November 17, 2011
For Immediate Release
Contact: Elizabeth S. Chouldjian
tel: (202) 775-1918 / (703) 585-8254 cell

COMMITTEE ADOPTS TURKEY TRADE PREFERENCES MEASURE FOR INDIAN TRIBAL LANDS

Rep. Don Young Leads Effort to Rule Sarbanes Amendment Out-of-Order, Paving the Way for Adoption of Pro-Turkey Measure

WASHINGTON, DC – The U.S. House Natural Resources Committee voted today to limit foreign trade preferences on Indian tribal lands to one country – Turkey – after proponents of the measure, resorting to parliamentary tactics, blocked the consideration of a human rights amendment that would have provided investment opportunities to a broader range of qualifying countries, reported the Armenian National Committee of America (ANCA).

“The controversy over this preferential trade measure reflects the growing unease in Congress over an increasingly arrogant and aggressive Turkey that uses both high-priced lobbying and heavy-handed bullying to demand special treatment, even as it leaders disdain our values, undermine our interests, and threaten our allies.” said Aram Hamparian, ANCA’s Executive Director. “We are disappointed that the Sarbanes Amendment – a constructive measure which deserved an up-or-down vote – was blocked, not on its merits, but through parliamentary measures.”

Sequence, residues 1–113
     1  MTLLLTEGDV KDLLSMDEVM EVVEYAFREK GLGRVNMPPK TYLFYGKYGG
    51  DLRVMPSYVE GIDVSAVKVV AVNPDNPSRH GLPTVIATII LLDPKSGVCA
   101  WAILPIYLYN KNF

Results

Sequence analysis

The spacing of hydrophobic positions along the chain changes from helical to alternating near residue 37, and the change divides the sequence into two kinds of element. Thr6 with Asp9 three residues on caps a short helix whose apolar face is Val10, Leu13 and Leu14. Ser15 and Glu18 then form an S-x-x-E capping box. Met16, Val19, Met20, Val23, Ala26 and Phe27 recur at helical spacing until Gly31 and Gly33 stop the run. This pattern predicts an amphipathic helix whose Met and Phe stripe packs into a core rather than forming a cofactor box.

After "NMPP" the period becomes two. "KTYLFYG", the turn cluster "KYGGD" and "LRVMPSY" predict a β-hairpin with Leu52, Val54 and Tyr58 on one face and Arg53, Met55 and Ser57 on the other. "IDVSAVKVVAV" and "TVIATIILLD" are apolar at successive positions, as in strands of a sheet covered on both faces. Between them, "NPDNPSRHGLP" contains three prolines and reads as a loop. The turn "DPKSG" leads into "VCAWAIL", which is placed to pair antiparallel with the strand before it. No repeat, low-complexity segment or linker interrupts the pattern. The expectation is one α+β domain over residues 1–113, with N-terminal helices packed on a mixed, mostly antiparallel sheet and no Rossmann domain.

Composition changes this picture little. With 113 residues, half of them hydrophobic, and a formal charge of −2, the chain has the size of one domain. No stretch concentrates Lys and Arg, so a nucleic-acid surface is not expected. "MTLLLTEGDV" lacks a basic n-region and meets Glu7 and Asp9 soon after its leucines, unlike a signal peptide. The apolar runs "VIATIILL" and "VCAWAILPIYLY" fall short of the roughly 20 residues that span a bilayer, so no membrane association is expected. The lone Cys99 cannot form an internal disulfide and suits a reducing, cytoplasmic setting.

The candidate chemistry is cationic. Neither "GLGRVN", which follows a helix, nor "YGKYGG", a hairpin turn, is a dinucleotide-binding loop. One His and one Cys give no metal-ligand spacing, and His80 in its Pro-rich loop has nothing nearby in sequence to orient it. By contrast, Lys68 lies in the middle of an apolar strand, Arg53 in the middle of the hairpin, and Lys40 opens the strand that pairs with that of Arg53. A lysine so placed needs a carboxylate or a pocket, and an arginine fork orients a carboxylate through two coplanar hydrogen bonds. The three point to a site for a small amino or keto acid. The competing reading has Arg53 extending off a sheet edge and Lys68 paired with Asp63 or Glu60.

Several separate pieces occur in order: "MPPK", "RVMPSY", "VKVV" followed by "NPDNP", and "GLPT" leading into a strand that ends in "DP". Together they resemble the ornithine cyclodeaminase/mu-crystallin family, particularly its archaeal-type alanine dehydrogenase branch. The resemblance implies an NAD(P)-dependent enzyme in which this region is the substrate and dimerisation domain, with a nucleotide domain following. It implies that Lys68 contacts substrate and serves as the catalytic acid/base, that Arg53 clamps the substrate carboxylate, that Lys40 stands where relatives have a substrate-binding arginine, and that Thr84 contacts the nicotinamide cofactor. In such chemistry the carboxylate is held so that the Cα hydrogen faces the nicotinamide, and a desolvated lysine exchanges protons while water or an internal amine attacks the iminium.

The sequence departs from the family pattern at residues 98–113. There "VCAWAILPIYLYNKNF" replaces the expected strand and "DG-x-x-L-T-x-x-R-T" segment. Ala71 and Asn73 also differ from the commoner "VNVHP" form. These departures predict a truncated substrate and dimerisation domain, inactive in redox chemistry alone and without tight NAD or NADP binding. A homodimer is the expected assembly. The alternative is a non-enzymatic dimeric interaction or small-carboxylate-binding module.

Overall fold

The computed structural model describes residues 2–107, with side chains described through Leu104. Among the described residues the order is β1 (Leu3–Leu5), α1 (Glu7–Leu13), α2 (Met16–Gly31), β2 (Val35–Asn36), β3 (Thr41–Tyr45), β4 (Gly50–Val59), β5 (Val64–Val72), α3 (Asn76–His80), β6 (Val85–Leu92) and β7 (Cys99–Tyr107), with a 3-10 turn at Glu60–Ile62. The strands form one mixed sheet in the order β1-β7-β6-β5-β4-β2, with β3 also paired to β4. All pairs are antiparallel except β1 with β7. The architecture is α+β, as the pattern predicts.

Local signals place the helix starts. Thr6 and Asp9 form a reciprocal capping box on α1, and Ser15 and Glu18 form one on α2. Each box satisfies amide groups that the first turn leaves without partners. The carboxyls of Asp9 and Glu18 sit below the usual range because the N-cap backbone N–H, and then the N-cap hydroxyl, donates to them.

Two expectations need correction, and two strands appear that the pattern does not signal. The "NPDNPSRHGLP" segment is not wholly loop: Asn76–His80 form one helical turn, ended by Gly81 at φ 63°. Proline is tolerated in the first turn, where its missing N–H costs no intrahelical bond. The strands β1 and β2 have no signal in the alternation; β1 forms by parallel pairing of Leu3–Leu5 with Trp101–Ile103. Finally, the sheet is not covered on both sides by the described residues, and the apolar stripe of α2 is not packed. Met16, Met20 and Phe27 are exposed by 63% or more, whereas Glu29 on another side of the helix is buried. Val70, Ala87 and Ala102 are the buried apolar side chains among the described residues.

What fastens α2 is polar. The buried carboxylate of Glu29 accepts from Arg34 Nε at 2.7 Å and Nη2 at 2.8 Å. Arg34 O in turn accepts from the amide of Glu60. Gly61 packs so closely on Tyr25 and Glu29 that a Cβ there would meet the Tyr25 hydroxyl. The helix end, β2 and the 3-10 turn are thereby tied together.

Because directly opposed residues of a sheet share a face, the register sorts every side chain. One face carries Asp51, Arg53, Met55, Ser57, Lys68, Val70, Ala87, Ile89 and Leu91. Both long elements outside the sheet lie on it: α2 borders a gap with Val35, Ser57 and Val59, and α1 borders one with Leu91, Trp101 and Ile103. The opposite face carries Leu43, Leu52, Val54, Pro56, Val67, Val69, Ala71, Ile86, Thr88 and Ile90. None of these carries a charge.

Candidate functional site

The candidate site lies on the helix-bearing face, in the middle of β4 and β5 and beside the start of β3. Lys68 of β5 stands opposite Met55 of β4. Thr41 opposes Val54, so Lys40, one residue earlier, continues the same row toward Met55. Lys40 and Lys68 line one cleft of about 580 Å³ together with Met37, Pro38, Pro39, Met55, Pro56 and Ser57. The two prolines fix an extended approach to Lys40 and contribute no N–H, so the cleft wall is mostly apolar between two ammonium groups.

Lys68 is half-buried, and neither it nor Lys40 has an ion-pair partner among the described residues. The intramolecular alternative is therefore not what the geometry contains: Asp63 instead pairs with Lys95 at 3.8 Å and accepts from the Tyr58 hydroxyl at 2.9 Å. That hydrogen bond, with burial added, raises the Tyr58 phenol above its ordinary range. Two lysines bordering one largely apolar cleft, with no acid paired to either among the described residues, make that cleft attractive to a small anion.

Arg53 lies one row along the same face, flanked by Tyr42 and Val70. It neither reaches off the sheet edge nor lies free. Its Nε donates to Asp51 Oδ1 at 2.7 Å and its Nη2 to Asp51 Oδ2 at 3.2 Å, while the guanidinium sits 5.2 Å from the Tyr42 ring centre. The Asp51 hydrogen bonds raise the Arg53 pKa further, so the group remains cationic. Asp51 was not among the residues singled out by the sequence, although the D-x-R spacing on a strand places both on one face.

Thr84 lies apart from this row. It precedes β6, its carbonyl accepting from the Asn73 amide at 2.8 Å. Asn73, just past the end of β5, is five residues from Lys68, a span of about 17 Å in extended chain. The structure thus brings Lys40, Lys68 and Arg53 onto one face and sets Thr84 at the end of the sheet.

“The ANCA joins with all our Armenian, Hellenic, and human rights community partners in expressing our appreciation to Representatives Sarbanes, Pallone, Tsongas and Duncan for all their efforts, and look forward to working with our allies in working reverse this measure in the interest of a strong, balanced, and moral U.S. trade policy,” added Hamparian.


Rep. John Sarbanes (D-MD)


Rep. Frank Pallone (D-NJ)


Rep. Niki Tsongas (D-MA)


Rep. John Duncan (R-TN)

Maryland Democrat John Sarbanes (D-MD) led Committee efforts to amend H.R.2362 – The Indian Tribal Trade and Investment Demonstration Project Act of 2011, a resolution spearheaded by the Turkish lobby to provide special trade incentives for Turkish firms to invest on Indian Tribal lands. Citing concerns about Turkey’s history of repression of its own indigenous populations and reports that the provision would violate existing U.S. trade agreements, Rep. Sarbanes argued that the legislation should be expanded to all countries with strong human rights records.

Committee chairman Doc Hastings (R-WA), however, responding to an objection by Rep. Don Young (R-AK), ruled the Sarbanes amendment out of order, paving the way for a Committee vote on the underlying provision as introduced. Despite extensive debate, including strong statements by Rep. Sarbanes, Congressional Armenian Caucus Co-Chair Frank Pallone (D-NJ), Rep. Nikki Tsongas (D-MA) and John Duncan (R-TN), the Committee adopted the measure by a vote of 27 for and 15 against.

Joining Representative Sarbanes in voting against the measure were (in alphabetical order): Representatives Jim Costa (D-CA), Peter DeFazio (D-OR), Jeff Denham (R-CA), John Duncan (R-TN), Raul Grijalva (D-AZ), Rush Holt (D-NJ), Dale Kildee (D-MI), Raul Labrador (R-ID), Douglas Lamborn (R-CO), Edward Markey (D-MA), Frank Pallone (D-NJ), David Rivera (R-FL), Betty Sue Sutton (D-OH), and Niki Tsongas (D-MA).